Italian Traditional Cuisine Is Well Alive

Right after the end of WWII, a strong migration started in Italy, both from the South to the wealthy North, and from the countryside to the big metropolises (especially Milan and Turin). Italy was a quite new political entity at that time, the reunification had occurred just 100 years earlier. The two sides of Italy didn’t know each other very well, so thanks to the migration, the North got finally in touch not only with the people, but also with the food from the South. Some ingredients and local produces from Campania or Sicily must have seemed almost exotic to the people from Milan or Turin. Many long-time residents must have tasted pizza for the first time, or durum wheat pasta. This is also when olive oil started to be part of the Italian kitchen.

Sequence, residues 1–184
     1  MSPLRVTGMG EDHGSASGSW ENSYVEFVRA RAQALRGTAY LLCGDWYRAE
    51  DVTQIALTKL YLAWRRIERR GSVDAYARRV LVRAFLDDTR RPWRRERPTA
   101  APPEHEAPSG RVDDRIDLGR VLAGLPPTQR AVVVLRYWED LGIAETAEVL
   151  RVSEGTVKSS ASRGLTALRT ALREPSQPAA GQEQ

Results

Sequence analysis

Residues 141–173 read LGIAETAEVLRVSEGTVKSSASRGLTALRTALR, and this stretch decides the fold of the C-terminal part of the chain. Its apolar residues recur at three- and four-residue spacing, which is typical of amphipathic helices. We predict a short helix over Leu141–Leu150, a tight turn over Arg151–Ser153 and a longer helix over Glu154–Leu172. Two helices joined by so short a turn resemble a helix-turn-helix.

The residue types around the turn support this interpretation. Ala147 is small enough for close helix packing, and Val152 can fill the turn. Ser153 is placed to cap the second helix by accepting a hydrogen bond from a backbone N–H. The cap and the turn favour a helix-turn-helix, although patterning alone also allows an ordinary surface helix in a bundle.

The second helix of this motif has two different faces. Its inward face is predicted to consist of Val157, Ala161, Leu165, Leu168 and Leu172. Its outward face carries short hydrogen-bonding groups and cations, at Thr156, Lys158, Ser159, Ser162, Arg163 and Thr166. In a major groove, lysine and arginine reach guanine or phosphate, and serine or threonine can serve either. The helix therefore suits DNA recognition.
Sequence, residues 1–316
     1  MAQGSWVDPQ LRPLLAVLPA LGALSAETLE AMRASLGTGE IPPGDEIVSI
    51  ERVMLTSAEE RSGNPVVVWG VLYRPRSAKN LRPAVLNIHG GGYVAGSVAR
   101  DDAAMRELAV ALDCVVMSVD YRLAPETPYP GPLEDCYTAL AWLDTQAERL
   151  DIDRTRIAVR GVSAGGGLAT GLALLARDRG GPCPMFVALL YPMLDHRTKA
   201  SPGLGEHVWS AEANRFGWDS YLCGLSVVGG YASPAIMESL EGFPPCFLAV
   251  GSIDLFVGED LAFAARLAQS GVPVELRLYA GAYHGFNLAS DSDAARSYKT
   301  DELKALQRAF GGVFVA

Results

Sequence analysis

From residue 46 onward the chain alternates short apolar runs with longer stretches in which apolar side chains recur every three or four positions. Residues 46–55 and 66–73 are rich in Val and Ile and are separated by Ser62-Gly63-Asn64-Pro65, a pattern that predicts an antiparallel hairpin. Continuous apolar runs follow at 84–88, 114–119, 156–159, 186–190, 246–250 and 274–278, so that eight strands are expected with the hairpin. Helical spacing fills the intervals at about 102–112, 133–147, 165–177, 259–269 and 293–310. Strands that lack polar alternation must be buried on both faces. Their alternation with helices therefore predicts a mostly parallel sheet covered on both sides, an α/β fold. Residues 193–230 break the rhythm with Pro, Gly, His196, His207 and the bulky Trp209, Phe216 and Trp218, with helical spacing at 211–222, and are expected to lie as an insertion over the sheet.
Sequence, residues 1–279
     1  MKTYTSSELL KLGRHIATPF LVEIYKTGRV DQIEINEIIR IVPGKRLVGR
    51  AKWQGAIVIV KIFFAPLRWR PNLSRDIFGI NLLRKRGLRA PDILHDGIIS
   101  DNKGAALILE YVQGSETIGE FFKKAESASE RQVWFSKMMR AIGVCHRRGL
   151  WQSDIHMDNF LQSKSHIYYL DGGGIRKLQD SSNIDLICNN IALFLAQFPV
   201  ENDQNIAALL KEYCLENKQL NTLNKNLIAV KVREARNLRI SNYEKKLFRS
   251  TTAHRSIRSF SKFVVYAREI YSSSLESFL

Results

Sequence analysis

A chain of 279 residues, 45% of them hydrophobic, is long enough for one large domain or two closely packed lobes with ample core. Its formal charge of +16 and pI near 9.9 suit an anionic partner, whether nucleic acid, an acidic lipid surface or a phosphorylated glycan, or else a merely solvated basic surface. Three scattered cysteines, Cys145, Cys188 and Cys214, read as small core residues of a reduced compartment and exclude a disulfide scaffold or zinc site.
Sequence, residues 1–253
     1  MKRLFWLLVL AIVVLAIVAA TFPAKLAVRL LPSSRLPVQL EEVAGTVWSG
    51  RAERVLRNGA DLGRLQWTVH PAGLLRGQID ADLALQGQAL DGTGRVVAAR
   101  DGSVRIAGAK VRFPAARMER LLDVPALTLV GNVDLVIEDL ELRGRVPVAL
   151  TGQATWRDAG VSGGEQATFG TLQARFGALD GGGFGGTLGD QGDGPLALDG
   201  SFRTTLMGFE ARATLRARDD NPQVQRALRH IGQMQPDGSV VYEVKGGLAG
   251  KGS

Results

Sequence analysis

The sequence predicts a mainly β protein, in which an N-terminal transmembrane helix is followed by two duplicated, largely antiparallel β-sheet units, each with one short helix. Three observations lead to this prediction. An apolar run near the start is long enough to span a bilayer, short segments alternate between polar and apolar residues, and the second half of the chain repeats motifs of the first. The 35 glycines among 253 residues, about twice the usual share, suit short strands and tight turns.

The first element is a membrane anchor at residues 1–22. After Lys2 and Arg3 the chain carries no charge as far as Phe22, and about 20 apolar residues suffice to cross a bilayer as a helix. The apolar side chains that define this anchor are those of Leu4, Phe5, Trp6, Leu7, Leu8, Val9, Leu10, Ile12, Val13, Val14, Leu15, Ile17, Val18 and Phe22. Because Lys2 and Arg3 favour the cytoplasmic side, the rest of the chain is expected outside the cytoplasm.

The downside of this migration was that the countryside had fewer and fewer people to carry on the tradition. As a result regional cuisine suffered a hard blow, but  it managed to survive, thanks to the fact that agriculture remained alive, although no longer the base of the economy. Also many Italians wanted to escape from modernity and the fascination of the Anglo-American lifestyle that was affirming itself, by going back to the traditions. Many restaurants opened, a wave that started from the North and expanded southwards, which offered traditional regional cuisine, a nice shelter from the “blessings of modernity.”
More recently, traditional cuisine (cucina casalinga in Italian, where the second term actually means homemade, made in the house) is trendy again, also thanks to many celeb-chefs, who have started a quest for the most authentic food. This further helped the restaurant business, and many more restaurants offering Italian regional cuisine opened.

If you are (or have started to be right now) curious about all the aspects of Italian food, why not start from a chicken cacciatora recipe and finish with a nice cup of Italian coffee?

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